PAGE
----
A new type of fluorinated ammonium ligand stabilises the surface of lead halide perovskites. The work marks a key step in understanding how to increase the efficiency and durability of perovskite solar cells.
One of the main causes of degradation to perovskite solar cells is ion mobility at surface defects. Such defects can also reduce efficiency by providing sites for electron–hole recombination. Most perovskite solar cells therefore incorporate a coating to ‘passivate’ the defects.
Coating the surface with a solution containing ammonium ligands extends the lifetime by forming a 2D layer at the surface, which appears to protect the perovskite from degradation. Some reports question the stability of these 2D layers at high temperatures, and so researchers have sought ligands that passivate defects without altering the perovskite structure. But the exact nature of the interaction between a specific ligand and a perovskite is difficult to predict or measure.
In the new work, researchers in the US, Canada and Switzerland used multiple spectroscopic techniques to characterise the interactions between a selection of ammonium ligands and two common lead halide perovskites. While previous studies have used bulky ligands to avoid intercalation, the researchers found that the small ammonium ligand anilinium penetrated the structure less than any other ligand they tested, including phenylethylammonium – the most commonly used passivant. Unfortunately, it was also less effective.
‘We knew from computational studies what the problem was,’ explains the project’s co-lead So Min Park, who began the work at the University of Toronto. ‘Our calculations predicted that a fluorinated ligand would reduce the 2D formation but also enhance the surface binding.’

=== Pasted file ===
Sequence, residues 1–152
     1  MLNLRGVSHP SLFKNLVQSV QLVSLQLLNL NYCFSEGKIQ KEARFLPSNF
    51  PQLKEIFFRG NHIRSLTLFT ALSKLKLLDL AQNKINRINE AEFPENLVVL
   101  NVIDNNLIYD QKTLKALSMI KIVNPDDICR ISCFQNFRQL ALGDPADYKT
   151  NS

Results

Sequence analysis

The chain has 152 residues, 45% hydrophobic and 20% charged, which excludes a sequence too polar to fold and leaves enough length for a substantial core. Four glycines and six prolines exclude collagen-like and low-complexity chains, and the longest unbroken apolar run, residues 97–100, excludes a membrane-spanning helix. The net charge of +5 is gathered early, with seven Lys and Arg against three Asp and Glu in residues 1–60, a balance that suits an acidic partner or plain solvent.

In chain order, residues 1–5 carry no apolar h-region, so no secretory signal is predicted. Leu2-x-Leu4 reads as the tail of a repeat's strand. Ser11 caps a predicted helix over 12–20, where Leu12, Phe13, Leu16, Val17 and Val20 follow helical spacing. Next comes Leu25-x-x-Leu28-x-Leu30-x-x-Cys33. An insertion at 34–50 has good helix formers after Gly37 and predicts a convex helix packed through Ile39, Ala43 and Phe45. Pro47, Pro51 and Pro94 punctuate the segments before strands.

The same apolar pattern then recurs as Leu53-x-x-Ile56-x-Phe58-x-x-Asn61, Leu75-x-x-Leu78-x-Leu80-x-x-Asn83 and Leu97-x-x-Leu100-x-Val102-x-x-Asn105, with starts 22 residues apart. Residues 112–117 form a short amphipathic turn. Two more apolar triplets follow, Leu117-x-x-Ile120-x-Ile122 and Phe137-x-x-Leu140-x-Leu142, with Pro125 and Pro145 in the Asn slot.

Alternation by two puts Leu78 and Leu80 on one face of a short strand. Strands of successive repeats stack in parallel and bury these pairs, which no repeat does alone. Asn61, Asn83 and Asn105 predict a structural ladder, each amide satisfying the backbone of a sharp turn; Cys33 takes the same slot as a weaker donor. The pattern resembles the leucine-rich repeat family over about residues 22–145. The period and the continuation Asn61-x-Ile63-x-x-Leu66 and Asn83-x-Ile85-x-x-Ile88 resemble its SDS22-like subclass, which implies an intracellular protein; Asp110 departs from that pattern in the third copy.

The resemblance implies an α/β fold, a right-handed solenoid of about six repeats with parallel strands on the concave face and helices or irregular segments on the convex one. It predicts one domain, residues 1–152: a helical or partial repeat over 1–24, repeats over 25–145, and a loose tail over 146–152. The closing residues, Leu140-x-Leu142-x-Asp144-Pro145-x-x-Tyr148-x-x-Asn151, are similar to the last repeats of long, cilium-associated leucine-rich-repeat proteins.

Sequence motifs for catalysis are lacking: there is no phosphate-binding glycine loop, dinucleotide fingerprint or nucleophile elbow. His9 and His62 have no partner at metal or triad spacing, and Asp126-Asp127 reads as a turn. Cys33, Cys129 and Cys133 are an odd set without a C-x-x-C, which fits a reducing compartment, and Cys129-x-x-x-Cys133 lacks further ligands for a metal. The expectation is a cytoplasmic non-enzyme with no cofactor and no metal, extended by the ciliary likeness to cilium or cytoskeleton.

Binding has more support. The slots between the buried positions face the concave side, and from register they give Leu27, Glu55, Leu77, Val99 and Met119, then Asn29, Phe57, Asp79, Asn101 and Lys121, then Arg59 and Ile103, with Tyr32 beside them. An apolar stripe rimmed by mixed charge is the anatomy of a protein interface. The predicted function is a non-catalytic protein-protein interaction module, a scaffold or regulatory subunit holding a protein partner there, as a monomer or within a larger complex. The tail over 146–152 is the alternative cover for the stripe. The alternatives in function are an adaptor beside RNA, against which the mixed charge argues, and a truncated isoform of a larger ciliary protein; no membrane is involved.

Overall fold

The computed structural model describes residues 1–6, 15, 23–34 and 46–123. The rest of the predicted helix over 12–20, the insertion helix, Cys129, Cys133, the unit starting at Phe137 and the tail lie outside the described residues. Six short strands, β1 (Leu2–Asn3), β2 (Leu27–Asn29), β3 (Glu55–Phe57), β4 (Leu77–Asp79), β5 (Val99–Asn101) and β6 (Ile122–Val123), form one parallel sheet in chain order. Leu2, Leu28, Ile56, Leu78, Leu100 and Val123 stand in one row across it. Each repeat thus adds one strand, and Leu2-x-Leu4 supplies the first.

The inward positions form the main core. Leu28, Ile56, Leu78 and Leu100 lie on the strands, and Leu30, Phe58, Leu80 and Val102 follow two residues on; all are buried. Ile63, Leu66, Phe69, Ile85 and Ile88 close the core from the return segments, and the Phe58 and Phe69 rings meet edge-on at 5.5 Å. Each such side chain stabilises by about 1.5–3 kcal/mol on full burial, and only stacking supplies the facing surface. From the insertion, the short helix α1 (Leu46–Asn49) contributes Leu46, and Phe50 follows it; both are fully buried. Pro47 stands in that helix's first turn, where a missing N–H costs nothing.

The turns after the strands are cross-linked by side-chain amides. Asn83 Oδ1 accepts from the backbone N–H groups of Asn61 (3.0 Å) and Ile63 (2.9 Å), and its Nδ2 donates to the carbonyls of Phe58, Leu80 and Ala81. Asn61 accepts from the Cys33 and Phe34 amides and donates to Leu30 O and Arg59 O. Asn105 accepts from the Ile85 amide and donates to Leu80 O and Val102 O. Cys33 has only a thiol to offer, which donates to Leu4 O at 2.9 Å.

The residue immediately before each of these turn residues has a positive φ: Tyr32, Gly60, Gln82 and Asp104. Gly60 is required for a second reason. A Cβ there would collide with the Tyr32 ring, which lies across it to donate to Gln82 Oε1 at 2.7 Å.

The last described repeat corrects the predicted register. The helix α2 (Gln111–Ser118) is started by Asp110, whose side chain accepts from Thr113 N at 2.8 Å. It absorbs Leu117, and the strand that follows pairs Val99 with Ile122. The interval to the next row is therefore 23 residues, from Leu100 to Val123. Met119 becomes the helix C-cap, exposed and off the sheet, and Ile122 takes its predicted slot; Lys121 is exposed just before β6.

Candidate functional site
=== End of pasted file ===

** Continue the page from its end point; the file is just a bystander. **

The researchers synthesised and tested several fluorinated anilinium derivatives. Theoretical and experimental analysis showed that the molecules effectively suppressed multiple breakdown channels. A single-junction solar cell made using the passivated perovskite showed 20% efficiency and retained it for 1560 hours at 85°C. ‘For industry you need over 25 years lifetime, so we are just beginning to understand these degradation mechanisms and, hopefully, by doing these accelerated ageing tests at even higher temperatures, we can understand better what materials we need to prevent them,’ says Park, who is now based at Northwestern University in Illinois.
Alan Kaplan, a graduate student at Princeton University, believes that the paper’s most significant contribution is the ‘rational design’ of the ligand. ‘There’s another work that has an extremely impressive stability result with a 2D/3D perovskite structure, and there’s a previous work that shows that not forming the 2D perovskite adds stability, but the depth of the set of materials [the current researchers] use adds the significance because they really are able to pin down the physical reason why some ligands enter the 3D perovskite and others don’t.’ Quinn Burlingame, Kaplan’s postdoctoral supervisor, agrees: ‘This [work] will be cited by a lot of future papers that have new ligands and new 2D layers that are super-stable,’ he says. ‘That will be the legacy of this work.’
S M Park et al, Science, 2023, DOI: 10.1126/science.adi4107